We didn’t say a word as we rushed out through the door which was being held open for us. The security guard gave us a look and nodded with respect before instructing us. One of us was told to guard the doorway from the outside on one side of the building, while the other was told to watch his back and guard the entrance behind him. After several hours the heavy armored vest I wore was starting to bring increased pain to my lower back, and the helmet was still squeezing my skull. The Advil was not helping, but the recent change in my position was a good distraction and did help ease my mind from the physical pain. ‘If this was going to go down, I didn’t want to be hiding in the shadows; that’s not how I wanted my loved ones to remember me.’
We heard another explosion coming from the street just outside our compound. Later I would see on the news how a suicide bomber blew his self up there. When we heard the Apache helicopter flying overhead Fia and I exchanged a glance, we were waiting for this, and it seemed to be a long time coming. The Apache chopper opened fire onto the building in front of our compound taking aim at the enemy snipers towards the top of the under construction building.
“Hell yeah,” Fia said, “Get em!”
After this incident I thought, ‘perhaps things will die down now’. Perhaps the fighting will cease for the day and the voice on the intercom will announce, ‘All Clear!’ Not this day though… This day was different. Later I would hear the details on the news telling just how different this day was. The fighting did not cease, and we heard more gunfire less than an hour after the Apache took out the snipers across the street.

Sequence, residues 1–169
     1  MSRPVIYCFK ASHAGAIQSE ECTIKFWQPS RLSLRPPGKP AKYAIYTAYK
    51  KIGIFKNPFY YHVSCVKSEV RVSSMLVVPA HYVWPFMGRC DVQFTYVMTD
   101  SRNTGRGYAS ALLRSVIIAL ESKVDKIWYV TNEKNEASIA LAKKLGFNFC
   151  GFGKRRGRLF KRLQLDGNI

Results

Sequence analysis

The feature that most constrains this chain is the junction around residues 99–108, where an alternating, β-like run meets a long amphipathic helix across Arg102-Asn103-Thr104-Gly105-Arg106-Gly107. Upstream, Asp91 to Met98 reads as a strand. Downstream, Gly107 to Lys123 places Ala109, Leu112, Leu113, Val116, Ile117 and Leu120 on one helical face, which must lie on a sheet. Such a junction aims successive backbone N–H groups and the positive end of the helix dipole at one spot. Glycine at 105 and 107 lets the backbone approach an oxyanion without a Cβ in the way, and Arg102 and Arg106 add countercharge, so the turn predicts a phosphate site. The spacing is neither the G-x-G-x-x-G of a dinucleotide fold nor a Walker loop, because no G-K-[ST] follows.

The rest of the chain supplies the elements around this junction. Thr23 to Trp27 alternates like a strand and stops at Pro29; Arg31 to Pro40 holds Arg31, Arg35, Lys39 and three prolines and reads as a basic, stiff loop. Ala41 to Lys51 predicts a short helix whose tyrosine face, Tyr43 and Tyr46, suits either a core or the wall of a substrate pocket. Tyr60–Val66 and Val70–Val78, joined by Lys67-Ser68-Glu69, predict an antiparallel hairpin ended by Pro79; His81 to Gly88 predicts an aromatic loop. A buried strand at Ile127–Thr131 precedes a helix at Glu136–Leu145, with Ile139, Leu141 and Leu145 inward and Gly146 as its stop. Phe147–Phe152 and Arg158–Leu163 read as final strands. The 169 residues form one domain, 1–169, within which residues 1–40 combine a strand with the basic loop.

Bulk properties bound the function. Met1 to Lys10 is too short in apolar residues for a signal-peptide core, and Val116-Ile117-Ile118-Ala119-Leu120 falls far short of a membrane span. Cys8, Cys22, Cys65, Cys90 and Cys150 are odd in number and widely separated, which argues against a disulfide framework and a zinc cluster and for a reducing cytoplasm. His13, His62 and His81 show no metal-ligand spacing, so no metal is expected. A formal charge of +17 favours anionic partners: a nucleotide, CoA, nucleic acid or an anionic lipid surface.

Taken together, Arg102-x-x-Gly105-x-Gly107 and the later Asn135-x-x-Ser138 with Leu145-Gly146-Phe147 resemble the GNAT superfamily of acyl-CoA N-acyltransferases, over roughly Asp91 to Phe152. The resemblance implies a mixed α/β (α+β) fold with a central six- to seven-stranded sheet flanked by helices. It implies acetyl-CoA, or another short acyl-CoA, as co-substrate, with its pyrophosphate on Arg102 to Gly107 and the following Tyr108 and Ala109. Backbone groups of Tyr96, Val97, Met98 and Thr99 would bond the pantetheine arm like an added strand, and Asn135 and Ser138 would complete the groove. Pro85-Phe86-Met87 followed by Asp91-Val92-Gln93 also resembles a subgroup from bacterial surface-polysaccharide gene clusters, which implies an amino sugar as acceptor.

After a little while more Sergeant Corona came down the hall to check on both Fia and me, being concerned because I never returned to the office from the bathroom. I quickly explained to her how Fia and I volunteered to watch the entrance at this side of the building because no one else did at the moment. Sergeant Corona understood, and soon she, Sergeant Bee, and another NCO from our office-Sergeant Harris, took turns guarding this entrance; the position both Fia and I volunteered for. Our circle of Admin Soldiers’ were ready to guard this important post at the front of the Headquarters Building because if not us then who?